Say This, NOT That: 8 Things Your Friend With Cancer Doesn’t Want To Hear, and What To Say Instead

Well, it happened. Your friend was diagnosed with cancer. You weren’t ready, and you feel a little guilty that it wasn’t you. You don’t know quite what to say, but you’re determined to stick by your friend through her darkest days.

It’s hard, in a situation that’s unfamiliar and frightening, to know what to do. The word “cancer” scares us, and it can it causes many caring people abandon their friend with cancer because they just can’t handle it. Even if we do stand by, we can feel awkward, helpless, and be tempted to say things that are well-meant but not helpful.

Your support can make such a difference for a cancer patient! As you set out to stick by your friend, take a look at this list of things of less-than-helpful things people tend to say, and try some more helpful alternatives. Remember, everyone makes mistakes! But think twice before you use any of these eight unhelpful phrases:

Photo: Adobe Stock/pathdoc
Photo: Adobe Stock/pathdoc

1. “Let me know if you need anything.”

This one’s hard, because it’s often very sincere. The problem is that, in the aftermath of a cancer diagnosis, a patient may have no idea what they need or be too shy or overwhelmed to ask. Stay in the giving spirit, and try offering something practical like:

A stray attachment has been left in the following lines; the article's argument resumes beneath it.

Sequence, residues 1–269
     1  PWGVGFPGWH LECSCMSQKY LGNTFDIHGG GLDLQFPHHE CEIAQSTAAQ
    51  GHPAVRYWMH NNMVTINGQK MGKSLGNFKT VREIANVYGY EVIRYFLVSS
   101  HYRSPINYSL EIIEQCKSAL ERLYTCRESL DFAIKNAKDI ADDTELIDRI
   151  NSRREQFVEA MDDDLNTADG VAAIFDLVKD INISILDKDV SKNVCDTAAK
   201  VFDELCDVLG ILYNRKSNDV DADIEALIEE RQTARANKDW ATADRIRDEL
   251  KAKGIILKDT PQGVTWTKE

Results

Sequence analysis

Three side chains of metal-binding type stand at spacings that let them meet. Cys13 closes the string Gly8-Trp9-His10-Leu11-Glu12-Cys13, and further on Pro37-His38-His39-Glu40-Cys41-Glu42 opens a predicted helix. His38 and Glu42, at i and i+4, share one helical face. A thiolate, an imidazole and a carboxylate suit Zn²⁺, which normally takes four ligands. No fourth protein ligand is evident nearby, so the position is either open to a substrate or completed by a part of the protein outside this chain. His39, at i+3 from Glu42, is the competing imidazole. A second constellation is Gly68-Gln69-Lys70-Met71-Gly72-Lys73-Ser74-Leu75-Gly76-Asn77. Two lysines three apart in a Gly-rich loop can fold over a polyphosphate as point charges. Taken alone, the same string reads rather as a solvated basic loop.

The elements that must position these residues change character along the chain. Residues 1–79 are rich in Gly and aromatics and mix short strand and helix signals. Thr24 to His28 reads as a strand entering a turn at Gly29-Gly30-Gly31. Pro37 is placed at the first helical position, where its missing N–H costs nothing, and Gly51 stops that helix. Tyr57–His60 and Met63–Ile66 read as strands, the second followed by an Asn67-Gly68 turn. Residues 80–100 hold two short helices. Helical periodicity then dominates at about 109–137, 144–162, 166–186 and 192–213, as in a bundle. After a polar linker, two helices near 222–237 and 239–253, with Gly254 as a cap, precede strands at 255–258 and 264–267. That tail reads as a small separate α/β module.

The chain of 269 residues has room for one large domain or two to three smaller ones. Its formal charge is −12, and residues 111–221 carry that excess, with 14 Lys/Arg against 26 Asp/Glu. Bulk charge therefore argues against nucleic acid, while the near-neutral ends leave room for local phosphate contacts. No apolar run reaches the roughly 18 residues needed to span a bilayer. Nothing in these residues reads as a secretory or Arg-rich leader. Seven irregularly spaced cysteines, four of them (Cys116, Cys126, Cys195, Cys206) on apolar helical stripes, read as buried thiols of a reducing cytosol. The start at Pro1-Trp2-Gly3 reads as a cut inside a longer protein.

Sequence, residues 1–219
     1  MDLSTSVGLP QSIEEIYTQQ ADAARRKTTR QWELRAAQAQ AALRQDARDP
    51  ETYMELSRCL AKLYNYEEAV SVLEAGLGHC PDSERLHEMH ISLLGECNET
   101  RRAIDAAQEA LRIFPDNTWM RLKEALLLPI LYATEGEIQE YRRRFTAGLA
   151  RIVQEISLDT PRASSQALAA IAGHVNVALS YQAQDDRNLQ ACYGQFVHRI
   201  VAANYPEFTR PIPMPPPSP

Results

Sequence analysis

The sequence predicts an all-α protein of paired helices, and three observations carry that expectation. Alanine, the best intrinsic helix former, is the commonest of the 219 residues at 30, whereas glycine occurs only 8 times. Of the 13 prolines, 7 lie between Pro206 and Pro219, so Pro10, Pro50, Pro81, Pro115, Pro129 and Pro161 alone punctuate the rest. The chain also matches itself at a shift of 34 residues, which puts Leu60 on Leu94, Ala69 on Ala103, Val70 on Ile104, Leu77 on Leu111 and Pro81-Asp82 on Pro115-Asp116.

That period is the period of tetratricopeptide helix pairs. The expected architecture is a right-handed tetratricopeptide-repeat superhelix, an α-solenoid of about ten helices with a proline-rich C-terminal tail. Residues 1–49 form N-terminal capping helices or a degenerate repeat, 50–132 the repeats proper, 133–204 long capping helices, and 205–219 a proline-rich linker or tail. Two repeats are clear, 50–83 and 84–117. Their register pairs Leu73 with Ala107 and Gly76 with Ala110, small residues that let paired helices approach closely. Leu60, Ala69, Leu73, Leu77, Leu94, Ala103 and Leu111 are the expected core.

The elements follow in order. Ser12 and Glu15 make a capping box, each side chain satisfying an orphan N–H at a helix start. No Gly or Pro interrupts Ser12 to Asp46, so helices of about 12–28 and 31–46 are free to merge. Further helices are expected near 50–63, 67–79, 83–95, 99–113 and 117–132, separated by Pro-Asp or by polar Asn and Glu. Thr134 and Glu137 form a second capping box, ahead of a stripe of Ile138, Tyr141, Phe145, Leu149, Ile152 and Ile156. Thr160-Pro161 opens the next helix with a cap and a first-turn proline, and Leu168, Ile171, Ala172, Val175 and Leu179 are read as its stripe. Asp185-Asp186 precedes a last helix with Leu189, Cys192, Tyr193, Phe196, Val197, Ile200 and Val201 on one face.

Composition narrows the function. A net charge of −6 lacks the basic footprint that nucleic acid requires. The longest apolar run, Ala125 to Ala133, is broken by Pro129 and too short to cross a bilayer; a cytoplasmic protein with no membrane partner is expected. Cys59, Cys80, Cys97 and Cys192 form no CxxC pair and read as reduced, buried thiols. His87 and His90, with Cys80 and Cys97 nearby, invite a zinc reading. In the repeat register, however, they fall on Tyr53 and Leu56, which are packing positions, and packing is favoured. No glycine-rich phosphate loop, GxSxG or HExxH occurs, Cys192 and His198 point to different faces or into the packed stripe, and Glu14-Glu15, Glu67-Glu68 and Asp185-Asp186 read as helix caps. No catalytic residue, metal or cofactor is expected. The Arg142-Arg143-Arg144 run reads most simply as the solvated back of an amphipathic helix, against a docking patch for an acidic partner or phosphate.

• “Can I drive you to an appointment?”
  • “I’d like to drop off a meal or two. Would Friday work, and does your family like spaghetti?”
  • “I hate doing dishes when I’m sick. Can I come over and do yours on Saturdays?”
  • “Would it be helpful if I took your kids to school/on an outing/overnight?”
  • “I’ll check back in with you in a week.” (Your friend may be overwhelmed with offers of help at first. Remember that she’ll still need help later on, and she’ll be grateful if you remember cancer treatment is not a one-and-done deal.)
Photo: Adobe Stock/ashtproductions
Photo: Adobe Stock/ashtproductions

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2. “You’re a fighter!”

Even if your friend is the women’s heavyweight champion of the world, cancer treatment will be painful. Thinking positive is great, but sometimes an influx of messages like “think pink” and “beat cancer” can put the pressure on a patient to bottle up her fears out of fear of not “staying positive.” Be a safe place for your friend with phrases like:

  • “I’m so sorry this happened.”
  • “I care so much about you.”
  • “I’m so sorry. Do you want to talk about it, or would you rather watch TV?” Be ready to talk, but understand that your friend may be sick of talking about cancer.
  • “…” Yep, a friend who can just sit and listen, really listen, is worth her weight in gold.
Photo: Adobe Stock/Andy Dean
Photo: Adobe Stock/Andy Dean

3. “It will be okay.”

Your friend needs to know she can trust you, and when it comes to cancer, things very well might not be okay. The patient may lose her hair, get very sick, lose a body part, or even pass away. Even if none of these things happen, cancer can leave a person with cancer-related PTSD and long-lasting side effects. You’ll need to be brave to face this with your friend. She may appreciate hearing:

  • “I’m with you no matter what.”
  • “I’m not scared of a little hair loss/incontinence/nausea.” Commit to not being squeamish about the hard parts of cancer treatment, and make your friend feel comfortable.
  • “My heart is broken for you!”
  • “I’m ready to listen any time you want to talk.”
Photo: Adobe Stock/
Photo: Adobe Stock/

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